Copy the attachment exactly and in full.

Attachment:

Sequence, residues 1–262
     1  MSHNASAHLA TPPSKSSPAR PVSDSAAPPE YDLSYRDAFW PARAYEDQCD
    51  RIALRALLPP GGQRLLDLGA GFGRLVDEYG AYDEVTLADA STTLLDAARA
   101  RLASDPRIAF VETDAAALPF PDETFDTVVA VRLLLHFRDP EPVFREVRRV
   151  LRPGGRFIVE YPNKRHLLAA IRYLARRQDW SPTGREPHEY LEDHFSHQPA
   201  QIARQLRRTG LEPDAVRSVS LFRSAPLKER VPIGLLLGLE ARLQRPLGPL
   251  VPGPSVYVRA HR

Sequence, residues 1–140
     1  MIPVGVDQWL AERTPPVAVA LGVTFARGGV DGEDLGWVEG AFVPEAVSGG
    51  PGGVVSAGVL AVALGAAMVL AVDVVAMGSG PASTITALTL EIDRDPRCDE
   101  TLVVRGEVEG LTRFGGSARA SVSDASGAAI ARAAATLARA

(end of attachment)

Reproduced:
Sequence, residues 1–262
     1  MSHNASAHLA TPPSKSSPAR PVSDSAAPPE YDLSYRDAFW PARAYEDQCD
    51  RIALRALLPP GGQRLLDLGA GFGRLVDEYG AYDEVTLADA STTLLDAARA
   101  RLASDPRIAF VETDAAALPF PDETFDTVVA VRLLLHFRDP EPVFREVRRV
   151  LRPGGRFIVE YPNKRHLLAA IRYLARRQDW SPTGREPHEY LEDHFSHQPA
   201  QIARQLRRTG LEPDAVRSVS LFRSAPLKER VPIGLLLGLE ARLQRPLGPL
   251  VPGPSVYVRA HR

Sequence, residues 1–140
     1  MIPVGVDQWL AERTPPVAVA LGVTFARGGV DGEDLGWVEG AFVPEAVSGG
    51  PGGVVSAGVL AVALGAAMVL AVDVVAMGSG PASTITALTL EIDRDPRCDE
   101  TLVVRGEVEG LTRFGGSARA SVSDASGAAI ARAAATLARA